Notably, hospital services experienced more rapid growth in out-of-pocket spending in 2016, with a 4.8 percent increase in such spending following declines of 5.1 percent and 2.8 percent in 2015 and 2014, respectively. This faster growth in 2016 was below the longer-term average annual growth rate of 6.8 percent in 2008–13. The decreases in out-of-pocket hospital spending in 2014 and 2015 were due in part to the expansion in health insurance coverage, while hospitals’ uncompensated care costs declined. In 2016, out-of-pocket spending grew the fastest for durable medical equipment (6.9 percent) and declined for retail prescription drugs (−1.0 percent).
Within the ten-year period 2007–16, the US experienced, among other events, the most severe economic recession since the Great Depression, followed by a mild economic recovery; medical price inflation that was at historic lows; and major changes to the health care system associated with the ACA. During these years, health care spending increased at the lowest rates in the history of the National Health Expenditure Accounts, but low economic growth led to an increase of 2.0 percentage points in the share of the economy devoted to health care, from 15.9 percent in 2007 to 17.9 percent in 2016. The resulting average increase of 0.2 percentage point per year is nearly equal to the historical annual average over the past half-century.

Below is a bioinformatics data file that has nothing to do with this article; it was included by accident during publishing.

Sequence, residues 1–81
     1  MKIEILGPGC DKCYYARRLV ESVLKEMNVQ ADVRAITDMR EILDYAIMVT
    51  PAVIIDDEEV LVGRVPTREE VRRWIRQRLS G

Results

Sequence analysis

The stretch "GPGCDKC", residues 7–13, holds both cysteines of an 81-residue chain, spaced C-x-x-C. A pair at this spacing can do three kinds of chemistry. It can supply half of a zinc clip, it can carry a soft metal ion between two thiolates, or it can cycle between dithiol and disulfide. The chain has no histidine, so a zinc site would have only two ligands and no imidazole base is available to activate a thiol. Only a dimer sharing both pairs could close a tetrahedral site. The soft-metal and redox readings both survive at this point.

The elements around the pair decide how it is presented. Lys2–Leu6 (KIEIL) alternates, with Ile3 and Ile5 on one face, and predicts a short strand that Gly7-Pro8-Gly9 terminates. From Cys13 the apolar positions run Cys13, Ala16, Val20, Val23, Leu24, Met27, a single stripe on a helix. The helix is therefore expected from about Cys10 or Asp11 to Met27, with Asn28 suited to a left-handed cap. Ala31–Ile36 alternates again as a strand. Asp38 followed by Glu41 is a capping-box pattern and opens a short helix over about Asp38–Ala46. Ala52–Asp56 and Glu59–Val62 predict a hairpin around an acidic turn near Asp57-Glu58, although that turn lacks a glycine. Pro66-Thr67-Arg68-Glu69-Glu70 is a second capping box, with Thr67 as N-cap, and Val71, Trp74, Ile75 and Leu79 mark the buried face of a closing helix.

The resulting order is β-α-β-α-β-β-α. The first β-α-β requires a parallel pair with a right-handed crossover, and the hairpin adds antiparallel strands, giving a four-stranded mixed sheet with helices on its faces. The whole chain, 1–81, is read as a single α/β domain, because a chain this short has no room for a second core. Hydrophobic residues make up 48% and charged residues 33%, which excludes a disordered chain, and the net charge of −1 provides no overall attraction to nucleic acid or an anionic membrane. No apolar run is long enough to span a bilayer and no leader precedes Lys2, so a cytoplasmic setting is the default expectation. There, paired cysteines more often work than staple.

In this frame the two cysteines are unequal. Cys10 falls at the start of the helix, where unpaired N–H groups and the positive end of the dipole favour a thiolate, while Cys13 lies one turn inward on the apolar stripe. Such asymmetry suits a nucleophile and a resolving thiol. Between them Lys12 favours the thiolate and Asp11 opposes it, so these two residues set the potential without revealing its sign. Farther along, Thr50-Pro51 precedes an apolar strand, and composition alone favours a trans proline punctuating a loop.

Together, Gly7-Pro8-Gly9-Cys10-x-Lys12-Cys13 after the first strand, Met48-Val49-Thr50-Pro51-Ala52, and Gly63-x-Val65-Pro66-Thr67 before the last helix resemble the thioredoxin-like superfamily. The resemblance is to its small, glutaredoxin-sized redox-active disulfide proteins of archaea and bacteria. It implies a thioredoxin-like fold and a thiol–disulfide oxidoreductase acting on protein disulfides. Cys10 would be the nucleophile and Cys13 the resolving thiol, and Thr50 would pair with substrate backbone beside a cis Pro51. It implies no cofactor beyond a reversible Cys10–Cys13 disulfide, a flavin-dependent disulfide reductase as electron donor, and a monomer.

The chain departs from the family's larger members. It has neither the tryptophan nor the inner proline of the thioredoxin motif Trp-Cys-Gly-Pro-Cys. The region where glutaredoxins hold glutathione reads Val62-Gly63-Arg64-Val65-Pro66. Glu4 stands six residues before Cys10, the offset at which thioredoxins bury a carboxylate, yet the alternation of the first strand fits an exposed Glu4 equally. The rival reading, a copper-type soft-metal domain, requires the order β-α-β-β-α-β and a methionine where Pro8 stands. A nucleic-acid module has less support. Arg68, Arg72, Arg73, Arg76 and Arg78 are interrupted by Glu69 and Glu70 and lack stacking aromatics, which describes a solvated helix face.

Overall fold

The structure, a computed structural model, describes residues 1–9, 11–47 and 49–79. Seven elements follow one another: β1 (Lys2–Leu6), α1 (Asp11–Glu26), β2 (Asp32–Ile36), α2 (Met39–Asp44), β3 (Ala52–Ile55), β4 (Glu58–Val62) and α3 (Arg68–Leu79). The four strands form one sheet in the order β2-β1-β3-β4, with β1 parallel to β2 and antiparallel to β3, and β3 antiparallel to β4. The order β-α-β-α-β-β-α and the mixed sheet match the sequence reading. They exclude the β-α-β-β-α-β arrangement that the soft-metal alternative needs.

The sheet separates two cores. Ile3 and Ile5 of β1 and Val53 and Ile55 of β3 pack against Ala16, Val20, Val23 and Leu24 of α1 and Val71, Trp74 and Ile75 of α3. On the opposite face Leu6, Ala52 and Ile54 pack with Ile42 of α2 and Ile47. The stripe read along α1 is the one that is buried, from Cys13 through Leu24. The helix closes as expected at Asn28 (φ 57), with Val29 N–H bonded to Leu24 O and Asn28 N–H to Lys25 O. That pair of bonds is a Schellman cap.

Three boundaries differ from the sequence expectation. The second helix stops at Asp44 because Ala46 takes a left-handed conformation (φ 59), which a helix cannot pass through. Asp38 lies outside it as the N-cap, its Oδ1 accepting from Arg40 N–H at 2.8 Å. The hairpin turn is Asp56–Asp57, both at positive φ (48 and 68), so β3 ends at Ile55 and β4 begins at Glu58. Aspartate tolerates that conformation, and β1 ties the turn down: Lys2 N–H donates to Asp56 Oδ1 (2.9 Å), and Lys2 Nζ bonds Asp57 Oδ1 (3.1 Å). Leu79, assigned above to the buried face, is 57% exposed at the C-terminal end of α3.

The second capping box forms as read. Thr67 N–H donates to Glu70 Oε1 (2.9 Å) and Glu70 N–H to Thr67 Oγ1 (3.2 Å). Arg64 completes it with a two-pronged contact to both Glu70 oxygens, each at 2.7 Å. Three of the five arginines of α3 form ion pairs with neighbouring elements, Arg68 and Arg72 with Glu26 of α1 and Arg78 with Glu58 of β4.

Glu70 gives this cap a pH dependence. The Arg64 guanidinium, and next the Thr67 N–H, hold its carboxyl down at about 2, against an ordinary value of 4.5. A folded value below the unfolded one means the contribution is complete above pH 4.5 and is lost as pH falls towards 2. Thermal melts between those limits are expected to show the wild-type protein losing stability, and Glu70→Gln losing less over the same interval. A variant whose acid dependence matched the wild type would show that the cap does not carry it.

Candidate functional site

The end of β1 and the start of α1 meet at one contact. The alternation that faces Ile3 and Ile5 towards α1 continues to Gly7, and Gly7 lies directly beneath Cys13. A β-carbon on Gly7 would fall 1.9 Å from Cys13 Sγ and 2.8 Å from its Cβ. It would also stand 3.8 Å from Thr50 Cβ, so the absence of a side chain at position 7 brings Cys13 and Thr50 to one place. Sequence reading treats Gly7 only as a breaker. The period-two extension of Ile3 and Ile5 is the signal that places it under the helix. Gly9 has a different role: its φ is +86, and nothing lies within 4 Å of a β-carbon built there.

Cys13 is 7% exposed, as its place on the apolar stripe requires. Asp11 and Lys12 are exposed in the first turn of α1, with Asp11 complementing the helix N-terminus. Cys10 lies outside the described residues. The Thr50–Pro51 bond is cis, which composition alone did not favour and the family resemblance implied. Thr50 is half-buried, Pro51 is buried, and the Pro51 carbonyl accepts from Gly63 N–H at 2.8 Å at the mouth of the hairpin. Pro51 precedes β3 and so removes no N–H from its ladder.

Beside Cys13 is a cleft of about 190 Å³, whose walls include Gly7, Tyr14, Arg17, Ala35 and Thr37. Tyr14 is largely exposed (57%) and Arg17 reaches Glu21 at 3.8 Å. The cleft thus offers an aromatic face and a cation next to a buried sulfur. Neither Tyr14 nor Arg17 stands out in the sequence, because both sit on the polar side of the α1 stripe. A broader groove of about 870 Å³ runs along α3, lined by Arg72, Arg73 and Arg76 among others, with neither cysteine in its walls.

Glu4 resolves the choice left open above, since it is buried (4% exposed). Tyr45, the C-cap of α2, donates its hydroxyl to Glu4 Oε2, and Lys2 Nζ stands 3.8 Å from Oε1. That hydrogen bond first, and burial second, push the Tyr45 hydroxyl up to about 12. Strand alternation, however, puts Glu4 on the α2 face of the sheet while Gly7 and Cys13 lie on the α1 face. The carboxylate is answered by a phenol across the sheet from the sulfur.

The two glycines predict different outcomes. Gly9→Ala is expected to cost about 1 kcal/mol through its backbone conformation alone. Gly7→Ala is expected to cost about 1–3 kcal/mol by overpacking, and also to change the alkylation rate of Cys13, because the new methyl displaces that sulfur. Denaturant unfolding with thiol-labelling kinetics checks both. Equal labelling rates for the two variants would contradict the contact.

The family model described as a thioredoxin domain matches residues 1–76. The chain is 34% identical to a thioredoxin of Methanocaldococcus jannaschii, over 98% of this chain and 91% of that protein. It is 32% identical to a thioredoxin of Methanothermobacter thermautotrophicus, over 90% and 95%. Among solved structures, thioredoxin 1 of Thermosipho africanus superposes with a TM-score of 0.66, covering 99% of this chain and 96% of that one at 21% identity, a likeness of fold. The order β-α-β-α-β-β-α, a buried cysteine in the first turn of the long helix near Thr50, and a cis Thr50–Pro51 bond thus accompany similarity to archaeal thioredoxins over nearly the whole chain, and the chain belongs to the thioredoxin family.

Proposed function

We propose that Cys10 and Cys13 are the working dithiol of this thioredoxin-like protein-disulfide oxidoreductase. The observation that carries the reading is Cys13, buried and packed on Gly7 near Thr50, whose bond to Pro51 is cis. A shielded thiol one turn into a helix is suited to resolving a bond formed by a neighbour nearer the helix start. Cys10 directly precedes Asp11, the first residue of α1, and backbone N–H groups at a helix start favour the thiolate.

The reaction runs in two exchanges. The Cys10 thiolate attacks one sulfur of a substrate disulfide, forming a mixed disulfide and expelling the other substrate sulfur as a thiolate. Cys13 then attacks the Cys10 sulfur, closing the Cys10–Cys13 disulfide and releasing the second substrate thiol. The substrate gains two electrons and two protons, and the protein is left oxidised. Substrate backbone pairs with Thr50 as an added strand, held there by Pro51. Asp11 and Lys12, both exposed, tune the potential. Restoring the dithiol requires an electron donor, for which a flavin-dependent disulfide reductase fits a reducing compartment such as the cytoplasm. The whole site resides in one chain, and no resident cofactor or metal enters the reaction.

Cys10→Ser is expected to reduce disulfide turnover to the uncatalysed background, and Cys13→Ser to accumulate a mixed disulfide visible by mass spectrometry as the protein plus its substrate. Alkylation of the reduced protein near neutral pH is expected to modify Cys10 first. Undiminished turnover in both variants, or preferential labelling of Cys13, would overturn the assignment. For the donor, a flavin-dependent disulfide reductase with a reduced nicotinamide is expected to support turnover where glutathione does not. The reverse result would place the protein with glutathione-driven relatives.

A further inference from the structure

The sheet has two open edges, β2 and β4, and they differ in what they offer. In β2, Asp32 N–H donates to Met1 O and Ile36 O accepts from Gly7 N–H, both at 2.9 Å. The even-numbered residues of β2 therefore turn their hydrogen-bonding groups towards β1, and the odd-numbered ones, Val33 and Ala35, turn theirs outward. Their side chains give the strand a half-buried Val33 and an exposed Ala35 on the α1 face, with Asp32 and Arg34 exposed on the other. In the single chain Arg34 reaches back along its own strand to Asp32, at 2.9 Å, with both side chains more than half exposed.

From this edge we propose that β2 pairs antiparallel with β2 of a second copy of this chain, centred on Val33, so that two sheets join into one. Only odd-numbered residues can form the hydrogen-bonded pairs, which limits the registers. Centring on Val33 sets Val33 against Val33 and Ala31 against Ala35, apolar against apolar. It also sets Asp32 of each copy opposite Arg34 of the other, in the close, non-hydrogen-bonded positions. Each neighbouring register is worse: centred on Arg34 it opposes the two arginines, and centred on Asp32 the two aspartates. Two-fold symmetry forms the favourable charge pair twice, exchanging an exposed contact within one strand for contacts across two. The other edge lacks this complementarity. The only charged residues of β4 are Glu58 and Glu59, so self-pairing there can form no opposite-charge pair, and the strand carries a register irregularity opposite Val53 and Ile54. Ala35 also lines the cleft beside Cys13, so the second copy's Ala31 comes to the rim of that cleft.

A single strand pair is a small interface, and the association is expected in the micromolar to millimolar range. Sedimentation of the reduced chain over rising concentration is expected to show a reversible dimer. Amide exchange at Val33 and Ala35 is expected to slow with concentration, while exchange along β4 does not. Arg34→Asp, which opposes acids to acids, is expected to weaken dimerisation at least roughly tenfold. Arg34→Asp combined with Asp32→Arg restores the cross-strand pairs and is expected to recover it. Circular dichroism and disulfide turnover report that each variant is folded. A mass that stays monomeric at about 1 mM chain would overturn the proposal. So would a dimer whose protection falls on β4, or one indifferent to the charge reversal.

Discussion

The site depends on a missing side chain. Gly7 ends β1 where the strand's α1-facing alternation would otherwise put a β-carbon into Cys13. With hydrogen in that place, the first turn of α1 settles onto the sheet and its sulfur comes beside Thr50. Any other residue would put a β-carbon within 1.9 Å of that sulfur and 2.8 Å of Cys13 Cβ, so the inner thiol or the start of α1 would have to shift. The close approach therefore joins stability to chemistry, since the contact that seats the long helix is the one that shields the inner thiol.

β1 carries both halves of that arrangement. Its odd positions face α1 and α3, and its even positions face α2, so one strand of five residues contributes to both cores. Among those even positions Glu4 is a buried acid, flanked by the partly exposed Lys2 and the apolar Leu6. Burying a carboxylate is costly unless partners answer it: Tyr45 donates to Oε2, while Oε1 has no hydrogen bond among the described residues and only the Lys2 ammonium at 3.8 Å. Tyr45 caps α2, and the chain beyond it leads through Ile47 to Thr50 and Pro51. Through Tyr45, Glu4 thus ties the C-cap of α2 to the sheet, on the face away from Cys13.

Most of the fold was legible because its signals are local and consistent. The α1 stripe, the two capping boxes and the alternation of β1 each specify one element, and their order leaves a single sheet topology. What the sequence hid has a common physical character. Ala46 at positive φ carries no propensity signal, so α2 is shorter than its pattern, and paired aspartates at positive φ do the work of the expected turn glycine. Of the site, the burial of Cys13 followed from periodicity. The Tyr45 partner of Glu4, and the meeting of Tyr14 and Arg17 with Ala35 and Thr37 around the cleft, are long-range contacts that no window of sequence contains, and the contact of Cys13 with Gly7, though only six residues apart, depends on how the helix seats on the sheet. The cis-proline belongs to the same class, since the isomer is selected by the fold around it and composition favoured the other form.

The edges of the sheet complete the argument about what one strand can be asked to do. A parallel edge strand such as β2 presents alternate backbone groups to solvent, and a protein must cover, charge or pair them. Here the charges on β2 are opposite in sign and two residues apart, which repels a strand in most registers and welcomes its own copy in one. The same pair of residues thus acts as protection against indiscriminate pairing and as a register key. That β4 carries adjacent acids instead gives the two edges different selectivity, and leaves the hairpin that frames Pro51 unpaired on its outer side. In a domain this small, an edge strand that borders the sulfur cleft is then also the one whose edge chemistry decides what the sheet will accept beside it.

In 2016, as expected, health care spending growth slowed following the major expansion of health insurance coverage in 2014 and 2015, when the ACA expanded eligibility for the Medicaid program and provided access to private health insurance Marketplaces. The insured share of the population stabilized at 91 percent in 2016, the same as for 2015 but higher than the shares of 89 percent in 2014 and 86 percent in 2013. Not surprisingly, federal government spending grew more slowly in 2016, as the initial impacts of enrollment expansion were realized and Medicaid enrollment growth (particularly for the newly eligible) decelerated. At the same time, private health insurance spending growth slowed, as enrollment growth decelerated and the impact of new hepatitis C drugs lessened.